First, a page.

A national emergency has been declared. Now what?

Kadia Tubman
President Trump declaring a national emergency, Feb. 15, 2019. (Photo: Carlos Barria/Reuters)

On Friday morning, President Trump declared a national emergency in order to secure funding for a border wall, triggering what will likely be a long legal battle before anything is built.

Trump’s statement outlined a scenario that would likely end at the Supreme Court, where he expects to prevail.

“I didn’t need to do this,” said Trump who compromised on the border deal Thursday, effectively averting another government shutdown. “But I’d rather do it much faster.”

The spending deal included $1.375 billion for border barriers, but cannot be used to build a wall. Before signing the bill, Trump said he was not happy about the deal, which falls short of both the $5.7 billion he wanted and of the $1.6 billion the Senate offered last year.

Despite this loss, Trump is keeping his campaign promise to build a wall by declaring a national emergency, which he has discretion to do  under the 1976 National Emergencies Act. If upheld, the declaration would allow him to re-allocate funds from other military purposes for construction of a wall.

There is no set definition of what is considered an emergency and Trump’s latest one will add to 31 other emergencies currently in effect.

In his announcement, he described what he thinks will happen next.

“We will have a national emergency and we will then be sued,” said Trump. “And they will sue us in the Ninth Circuit … and we will possibly get a bad ruling, and then we’ll get another bad ruling and then we’ll end up in the Supreme Court, and hopefully we’ll get a fair shake, and we’ll win in the Supreme Court just like the [travel] ban.”

He continued: “We won on the ban and we won on other things too. Probably [the] easiest one to win is on declaring a national emergency.”

Even before Trump’s announcement, Democratic congressional leaders announced plans for a resolution to block the emergency declaration. After he spoke, House Speaker Nancy Pelosi, D-Calif., and Sen. Chuck Schumer, D-N.Y., released a joint statement, calling it a “power grab” and vowing to use “every remedy available” to stop it.

“The Congress cannot let the President shred the Constitution,” the statement read.

Speaker of the House Nancy Pelosi. (Photo: Alex Wong/Getty Images)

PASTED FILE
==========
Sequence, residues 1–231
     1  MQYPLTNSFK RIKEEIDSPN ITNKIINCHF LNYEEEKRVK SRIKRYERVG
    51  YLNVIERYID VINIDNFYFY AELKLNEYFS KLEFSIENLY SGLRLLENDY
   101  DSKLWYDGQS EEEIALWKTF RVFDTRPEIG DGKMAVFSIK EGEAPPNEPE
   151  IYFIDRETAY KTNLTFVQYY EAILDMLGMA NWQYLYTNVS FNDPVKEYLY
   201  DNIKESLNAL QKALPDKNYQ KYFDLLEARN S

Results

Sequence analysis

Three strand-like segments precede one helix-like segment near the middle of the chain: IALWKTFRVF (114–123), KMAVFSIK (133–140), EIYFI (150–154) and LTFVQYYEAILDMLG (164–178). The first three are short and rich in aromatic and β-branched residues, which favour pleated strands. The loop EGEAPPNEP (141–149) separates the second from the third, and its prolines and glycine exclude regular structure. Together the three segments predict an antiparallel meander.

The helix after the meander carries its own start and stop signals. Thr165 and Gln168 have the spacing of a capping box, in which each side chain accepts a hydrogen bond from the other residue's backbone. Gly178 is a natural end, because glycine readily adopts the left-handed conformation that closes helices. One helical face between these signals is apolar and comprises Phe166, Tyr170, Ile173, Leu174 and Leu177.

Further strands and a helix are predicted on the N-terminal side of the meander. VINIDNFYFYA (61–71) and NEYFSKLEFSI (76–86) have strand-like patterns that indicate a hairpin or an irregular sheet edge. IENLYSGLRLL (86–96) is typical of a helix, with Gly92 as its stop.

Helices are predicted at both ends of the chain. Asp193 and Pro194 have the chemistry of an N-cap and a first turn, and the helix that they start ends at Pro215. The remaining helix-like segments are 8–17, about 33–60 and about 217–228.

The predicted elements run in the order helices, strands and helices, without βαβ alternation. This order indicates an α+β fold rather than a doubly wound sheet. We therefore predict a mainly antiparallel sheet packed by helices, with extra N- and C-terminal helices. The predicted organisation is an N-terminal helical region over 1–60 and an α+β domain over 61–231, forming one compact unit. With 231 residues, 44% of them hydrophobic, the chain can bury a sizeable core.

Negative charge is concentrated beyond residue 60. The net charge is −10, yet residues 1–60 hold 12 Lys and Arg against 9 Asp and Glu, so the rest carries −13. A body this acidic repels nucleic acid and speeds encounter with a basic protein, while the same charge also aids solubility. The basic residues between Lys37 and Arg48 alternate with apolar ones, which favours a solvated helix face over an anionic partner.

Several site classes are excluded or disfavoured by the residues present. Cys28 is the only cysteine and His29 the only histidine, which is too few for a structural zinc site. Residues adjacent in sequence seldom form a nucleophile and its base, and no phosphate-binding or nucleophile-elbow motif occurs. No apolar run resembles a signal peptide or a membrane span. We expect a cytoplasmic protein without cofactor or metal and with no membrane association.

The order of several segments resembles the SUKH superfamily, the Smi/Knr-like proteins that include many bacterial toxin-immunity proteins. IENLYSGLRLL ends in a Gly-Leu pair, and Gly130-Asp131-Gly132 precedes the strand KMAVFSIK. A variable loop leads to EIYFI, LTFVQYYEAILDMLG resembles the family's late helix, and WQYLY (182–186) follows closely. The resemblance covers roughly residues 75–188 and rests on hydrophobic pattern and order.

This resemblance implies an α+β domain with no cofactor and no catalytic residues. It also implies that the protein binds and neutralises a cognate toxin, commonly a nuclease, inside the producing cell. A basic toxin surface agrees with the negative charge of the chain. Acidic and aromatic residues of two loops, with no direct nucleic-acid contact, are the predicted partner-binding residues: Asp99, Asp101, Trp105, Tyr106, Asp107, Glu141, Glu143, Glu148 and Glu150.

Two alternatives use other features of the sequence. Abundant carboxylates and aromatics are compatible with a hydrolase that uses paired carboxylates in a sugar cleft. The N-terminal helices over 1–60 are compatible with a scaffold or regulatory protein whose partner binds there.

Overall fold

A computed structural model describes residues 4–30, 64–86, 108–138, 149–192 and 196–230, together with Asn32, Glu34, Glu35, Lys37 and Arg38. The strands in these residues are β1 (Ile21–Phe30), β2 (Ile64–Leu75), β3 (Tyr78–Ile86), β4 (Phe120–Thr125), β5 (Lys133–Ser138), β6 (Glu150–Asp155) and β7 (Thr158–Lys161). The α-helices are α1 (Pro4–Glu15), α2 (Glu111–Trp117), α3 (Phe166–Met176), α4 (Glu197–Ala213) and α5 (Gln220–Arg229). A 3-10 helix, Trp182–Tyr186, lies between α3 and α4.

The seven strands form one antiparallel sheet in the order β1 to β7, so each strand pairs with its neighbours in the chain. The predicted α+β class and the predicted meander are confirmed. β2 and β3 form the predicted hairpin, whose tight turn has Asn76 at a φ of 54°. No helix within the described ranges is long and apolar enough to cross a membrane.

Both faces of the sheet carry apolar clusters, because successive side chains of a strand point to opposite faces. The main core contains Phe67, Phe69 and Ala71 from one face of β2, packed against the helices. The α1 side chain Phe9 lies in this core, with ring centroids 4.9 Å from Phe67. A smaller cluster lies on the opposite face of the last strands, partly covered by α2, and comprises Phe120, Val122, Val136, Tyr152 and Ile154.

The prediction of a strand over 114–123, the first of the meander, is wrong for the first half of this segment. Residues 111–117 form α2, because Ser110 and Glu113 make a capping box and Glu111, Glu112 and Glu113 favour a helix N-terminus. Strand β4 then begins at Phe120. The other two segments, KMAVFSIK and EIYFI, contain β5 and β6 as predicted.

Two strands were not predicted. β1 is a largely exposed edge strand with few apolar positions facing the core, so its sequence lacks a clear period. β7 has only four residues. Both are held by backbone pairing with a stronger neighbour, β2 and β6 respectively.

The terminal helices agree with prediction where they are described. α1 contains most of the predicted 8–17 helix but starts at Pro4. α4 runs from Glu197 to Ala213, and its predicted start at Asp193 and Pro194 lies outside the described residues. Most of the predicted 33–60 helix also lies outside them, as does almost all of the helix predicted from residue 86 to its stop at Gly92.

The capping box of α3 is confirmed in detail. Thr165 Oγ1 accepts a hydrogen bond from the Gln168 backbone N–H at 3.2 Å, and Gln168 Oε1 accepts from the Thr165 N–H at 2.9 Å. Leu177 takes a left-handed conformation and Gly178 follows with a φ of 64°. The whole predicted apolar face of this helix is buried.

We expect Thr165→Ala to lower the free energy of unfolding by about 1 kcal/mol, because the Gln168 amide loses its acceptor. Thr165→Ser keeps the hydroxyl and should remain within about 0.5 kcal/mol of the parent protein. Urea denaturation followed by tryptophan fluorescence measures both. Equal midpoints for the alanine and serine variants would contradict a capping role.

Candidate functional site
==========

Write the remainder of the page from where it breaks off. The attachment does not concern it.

Article 1, Section 9 of the Constitution vests the “power of the purse” in Congress. It says in part: “No money shall be drawn from the treasury, but in consequence of appropriations made by law..” After a national emergency has been declared, the House can pass a resolution to overturn the declaration as an abuse of power, according to the National Emergencies Act. That resolution would then be put to a vote on the Senate floor. If a joint resolution passes, Trump can veto it. A two-thirds majority of Congress would be required to overturn his veto before ending the emergency. If successful, this would be the first national emergency that Congress has vetoed.

Bruce Ackerman, a constitutional law professor at Yale, said there will be a fundamental constitutional debate about a president’s authority in addition to the anticipated legal fight.

“This effort to declare a national emergency is going to generate a true crisis,” Ackerman told Yahoo News. “The statutes say it is a crime unless the use of the military for domestic purposes is explicitly authorized. The emergency act that he invokes is a general statute, which does not explicitly authorize the use of military resources.”

He added: “This is not an issue with having to do with whether you are Republican or Democrat. If you are a serious senator who is concerned with constitutional, limited government, this is a crucial issue for you. This debate will be going on and meanwhile, the military is going to have to decide what to do.”

The emergency permits Trump to divert appropriations, pursuant to laws authorizing the military to construct roads and highways and to undertake civil defense projects. It also provides a basis for invoking eminent domain to seize private land for construction. Previously Trump mentioned using a “military version” of eminent domain. It’s unclear what he meant.

Under eminent domain, the federal government has the power to seize private property for public use provided the owners receive “just compensation.” Two-thirds of the border is privately owned, most of it in Texas, east of El Paso. Among those who stand to be most affected by the wall and are preparing to fight land seizures in court are families, Native American tribes, a one-room Roman Catholic chapel, and a butterfly sanctuary, which lost its suit against the administration Friday. These groups might seek to challenge the legitimacy of the emergency declaration.


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